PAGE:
Recently, Raytheon announced their move to the D.C. metro area, joining other major companies, like Boeing and Amazon. Of course, these three companies aren’t the only ones with headquarter operations set up in and around the region. For decades, the heart of national security has been centralized around federal headquarters. Although recent years have pulled candidates out into the suburbs, the U.S. Capitol region has held mostly steady – even ready to make a stronger comeback with the area in heavy growth mode. With more competition in the industry, everyone wants ‘to be in the room where it happens’ whenever possible.
What Makes up the D.C. Metro Region?
According to the ClearanceJobs 2022 Security Clearance Compensation Report, average compensation for the overall cleared population was $101,395 this past year. And respondents from D.C., Maryland, and Virginia made up 37% of that cleared workforce.
When I moved inside the Capitol beltway line (I-495) years ago, my perspective of interstates that only ran north/south or east/west changed. Residents in the D.C. region quickly realize the impact that the beltway has on home prices in the D.C. metro area. Expectations for life and work inside the beltway are much different than outside.
Cleared Compensation for the D.C. Metro Region
So, how much does it impact compensation if some cleared employees never see the Capitol skyline – or the traffic that goes with it? If you double the median home price in Richmond, VA, it’ll get you in the ballpark of the cost of a home in Arlington, VA. So, this year, we specifically asked D.C., Maryland, and Virginia respondents if they worked in the D.C. metro for the majority of the workweek, and 64% said that they do. Just working in the three states can land a salary that’s $9,000 more than the average cleared employee. However, actually working inside the beltway for the majority of the workweek compensates $14,390 higher than the cleared average.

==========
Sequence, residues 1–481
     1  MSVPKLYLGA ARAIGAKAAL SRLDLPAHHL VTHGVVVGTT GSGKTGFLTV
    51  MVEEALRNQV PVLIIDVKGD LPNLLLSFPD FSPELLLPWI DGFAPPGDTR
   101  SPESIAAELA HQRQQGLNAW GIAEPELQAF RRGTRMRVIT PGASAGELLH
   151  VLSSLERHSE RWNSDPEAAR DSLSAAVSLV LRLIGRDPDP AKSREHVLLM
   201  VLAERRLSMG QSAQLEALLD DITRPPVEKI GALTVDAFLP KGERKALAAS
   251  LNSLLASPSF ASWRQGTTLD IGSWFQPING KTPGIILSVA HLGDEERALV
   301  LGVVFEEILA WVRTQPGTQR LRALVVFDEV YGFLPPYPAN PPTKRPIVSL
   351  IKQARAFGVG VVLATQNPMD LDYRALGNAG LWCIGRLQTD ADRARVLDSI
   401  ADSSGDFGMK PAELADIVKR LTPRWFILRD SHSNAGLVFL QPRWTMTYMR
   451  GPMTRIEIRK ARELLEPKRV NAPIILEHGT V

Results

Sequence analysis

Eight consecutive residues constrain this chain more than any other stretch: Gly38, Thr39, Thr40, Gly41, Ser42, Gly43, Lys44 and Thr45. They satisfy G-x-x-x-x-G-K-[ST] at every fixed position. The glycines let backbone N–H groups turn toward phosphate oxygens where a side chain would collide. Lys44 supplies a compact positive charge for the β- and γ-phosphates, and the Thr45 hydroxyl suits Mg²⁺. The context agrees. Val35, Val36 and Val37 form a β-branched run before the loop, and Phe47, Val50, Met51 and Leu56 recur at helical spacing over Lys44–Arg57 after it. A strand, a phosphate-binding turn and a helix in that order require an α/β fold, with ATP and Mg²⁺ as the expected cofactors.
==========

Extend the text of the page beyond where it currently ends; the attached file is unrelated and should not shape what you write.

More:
Benefits of Working Close to the Capitol
The reality is that the annoying and challenging commute does result in a higher paycheck. So, keep that in mind when you’re searching for your next job. But those who work closer to the Capitol don’t just stay because the job pays more. The reality is that the cost of living is a major factor in the salary number, so there has to be more to the story. D.C. metro respondents noted career opportunities in the area, as well as, increased national security employment options keeping them grounded. Cultural diversity in the area was also a top driver.
Bottom line? The D.C. metro area has a lot to offer cleared candidates. If one cleared employer isn’t willing to keep compensation high enough to keep pace with rising inflation costs, the reality is that there are others in the area willing to pay for your talent. The key is to keep your eye on the job landscape at all times and update your ClearanceJobs profile.